The AI Hype Cycle, Talent Wars, And Internet Comment Threads

Last week, somebody on Hacker News posted a link to a Bloomberg article titled “Sky-High Salaries Are the Weapons in the AI Talent War”. The article itself was good, and predictably discussed how the shortage of AI talent is driving up salaries. But what really stood out for me were the Hacker News comments on this article. While reading it, I silently golf clapped. Here’s a link to the full comment thread.

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While I’m incredibly bullish on the medium to long term impact of AI, I’ve made no secret about being skeptical of the short term hype surrounding AI. My personal experience – having directly or indirectly witnessed data science efforts in a several dozen companies – has been that a lot of companies aren’t ready for AI and don’t yet have real use cases. But these companies are feeling pressure to hire expensive data scientists. The pressure may come from executives and their board who want a higher valuation, FOMO, a misguided desire to “do data science” without a clear plan, or other motivations. Regardless of where the pressure comes from, plenty of these companies will be disappointed.

Today’s AI hype reminds me a lot of the big data hype from several years ago. A lot of technology was misapplied against nonexistent problems. There were companies spinning up Hadoop clusters to house a few GB of structured, tabular data. A simple relational database would’ve worked just fine. A lot of these companies now have big data graveyards, and are reluctant to invest in new data initiatives.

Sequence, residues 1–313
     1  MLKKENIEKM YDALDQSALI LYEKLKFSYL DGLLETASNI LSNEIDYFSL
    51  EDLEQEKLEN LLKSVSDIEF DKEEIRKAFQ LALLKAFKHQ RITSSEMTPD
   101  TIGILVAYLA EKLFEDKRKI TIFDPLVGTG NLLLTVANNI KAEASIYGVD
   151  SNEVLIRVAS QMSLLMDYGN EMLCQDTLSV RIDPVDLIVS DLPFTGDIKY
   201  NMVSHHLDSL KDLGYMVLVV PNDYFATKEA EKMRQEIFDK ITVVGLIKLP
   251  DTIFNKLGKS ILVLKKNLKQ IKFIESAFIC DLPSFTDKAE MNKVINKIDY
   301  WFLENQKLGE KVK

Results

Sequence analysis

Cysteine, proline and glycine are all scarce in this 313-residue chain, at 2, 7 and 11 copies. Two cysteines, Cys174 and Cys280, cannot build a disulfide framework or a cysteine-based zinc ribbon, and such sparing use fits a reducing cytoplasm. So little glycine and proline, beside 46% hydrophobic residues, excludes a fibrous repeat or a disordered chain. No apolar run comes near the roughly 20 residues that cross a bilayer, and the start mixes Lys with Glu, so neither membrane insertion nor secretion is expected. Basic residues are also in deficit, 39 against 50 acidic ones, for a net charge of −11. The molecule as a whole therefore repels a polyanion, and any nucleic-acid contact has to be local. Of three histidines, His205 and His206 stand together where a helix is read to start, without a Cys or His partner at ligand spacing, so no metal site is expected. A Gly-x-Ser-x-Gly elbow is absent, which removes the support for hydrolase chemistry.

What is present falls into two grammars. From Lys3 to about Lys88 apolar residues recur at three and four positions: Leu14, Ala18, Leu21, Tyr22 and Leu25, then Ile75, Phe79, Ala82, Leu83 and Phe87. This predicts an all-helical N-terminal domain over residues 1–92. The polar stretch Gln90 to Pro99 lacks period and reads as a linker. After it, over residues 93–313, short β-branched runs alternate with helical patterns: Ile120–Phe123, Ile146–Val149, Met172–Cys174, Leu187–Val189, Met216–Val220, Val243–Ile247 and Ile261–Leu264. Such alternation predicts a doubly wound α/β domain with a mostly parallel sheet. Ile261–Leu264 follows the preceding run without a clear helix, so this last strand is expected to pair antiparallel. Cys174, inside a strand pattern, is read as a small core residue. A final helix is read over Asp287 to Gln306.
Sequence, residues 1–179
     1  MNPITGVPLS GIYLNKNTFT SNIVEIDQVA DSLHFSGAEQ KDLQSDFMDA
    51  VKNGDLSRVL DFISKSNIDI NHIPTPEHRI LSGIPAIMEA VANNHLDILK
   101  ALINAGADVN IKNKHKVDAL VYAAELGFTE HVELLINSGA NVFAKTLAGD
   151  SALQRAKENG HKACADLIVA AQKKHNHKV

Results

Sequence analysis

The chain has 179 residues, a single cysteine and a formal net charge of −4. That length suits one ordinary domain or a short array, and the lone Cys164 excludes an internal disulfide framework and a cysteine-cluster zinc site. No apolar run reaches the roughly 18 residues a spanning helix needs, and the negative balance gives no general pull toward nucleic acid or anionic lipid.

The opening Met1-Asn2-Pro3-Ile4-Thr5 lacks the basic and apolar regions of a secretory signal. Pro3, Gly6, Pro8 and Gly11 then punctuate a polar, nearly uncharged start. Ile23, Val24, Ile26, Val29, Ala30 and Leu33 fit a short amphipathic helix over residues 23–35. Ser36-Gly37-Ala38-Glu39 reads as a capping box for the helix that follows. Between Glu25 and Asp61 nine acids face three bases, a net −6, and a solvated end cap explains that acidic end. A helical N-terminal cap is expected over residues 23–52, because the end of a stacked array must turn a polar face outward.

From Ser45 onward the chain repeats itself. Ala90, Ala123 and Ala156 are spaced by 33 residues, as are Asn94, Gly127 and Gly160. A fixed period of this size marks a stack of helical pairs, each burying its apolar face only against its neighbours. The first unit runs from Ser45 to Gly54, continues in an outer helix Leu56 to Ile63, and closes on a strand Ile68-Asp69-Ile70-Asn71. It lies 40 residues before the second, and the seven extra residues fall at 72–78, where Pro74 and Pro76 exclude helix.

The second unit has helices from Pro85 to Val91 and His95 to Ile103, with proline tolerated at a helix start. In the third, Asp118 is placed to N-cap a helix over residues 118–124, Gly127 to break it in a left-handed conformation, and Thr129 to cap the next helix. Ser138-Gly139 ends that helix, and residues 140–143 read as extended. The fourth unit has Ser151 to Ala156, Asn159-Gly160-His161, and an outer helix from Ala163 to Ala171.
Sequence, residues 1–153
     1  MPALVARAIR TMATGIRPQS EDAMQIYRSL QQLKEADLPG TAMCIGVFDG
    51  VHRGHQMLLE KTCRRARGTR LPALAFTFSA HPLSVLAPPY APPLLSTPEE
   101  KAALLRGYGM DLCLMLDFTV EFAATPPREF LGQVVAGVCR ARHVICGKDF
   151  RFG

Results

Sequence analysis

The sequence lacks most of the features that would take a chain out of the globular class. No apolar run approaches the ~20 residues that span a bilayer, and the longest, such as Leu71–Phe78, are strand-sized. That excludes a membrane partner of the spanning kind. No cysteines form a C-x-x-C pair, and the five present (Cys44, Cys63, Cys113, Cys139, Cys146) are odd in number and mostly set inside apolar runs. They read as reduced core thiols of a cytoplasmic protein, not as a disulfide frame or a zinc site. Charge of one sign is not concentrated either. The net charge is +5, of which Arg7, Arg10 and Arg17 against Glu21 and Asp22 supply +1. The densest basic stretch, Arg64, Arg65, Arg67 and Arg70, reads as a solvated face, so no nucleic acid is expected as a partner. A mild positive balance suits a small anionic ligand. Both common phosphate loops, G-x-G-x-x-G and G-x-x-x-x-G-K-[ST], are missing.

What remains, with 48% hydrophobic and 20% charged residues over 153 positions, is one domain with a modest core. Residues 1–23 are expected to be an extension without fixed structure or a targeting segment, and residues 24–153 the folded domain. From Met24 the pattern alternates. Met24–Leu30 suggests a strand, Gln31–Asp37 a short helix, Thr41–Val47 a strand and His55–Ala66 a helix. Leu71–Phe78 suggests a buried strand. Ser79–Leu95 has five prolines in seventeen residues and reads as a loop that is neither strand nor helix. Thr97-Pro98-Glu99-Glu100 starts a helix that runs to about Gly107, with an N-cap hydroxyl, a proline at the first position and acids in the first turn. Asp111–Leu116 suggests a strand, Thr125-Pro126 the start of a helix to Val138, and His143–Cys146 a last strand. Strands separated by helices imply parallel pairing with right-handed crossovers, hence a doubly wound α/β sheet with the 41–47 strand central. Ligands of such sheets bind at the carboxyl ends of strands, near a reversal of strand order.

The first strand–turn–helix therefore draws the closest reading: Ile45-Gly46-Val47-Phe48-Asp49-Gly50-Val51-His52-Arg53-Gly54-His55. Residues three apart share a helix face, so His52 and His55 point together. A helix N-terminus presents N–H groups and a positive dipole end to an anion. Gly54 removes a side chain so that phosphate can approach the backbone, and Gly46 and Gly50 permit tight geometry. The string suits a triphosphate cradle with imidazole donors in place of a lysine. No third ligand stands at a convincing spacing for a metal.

Similarly, there are companies implementing machine AI without clear use cases. Also never mind the data used in these models may not be useful or good quality. But hey, they’re “doing AI”. Anecdotally, I’m hearing about Math PhD’s hired as data scientists at large tech companies, only to end up writing SQL queries and writing data engineering scripts. This is clearly a misuse of their talents and the company’s resources.

The AI hype creates a hiring binge that dries up the very limited supply of excellent data scientists; and their salaries to skyrocket. Of course, this is great for data scientists like me. But, I predict the lack of real use cases for AI will inevitably have a backlash when companies don’t see success or ROI on these expensive investments.

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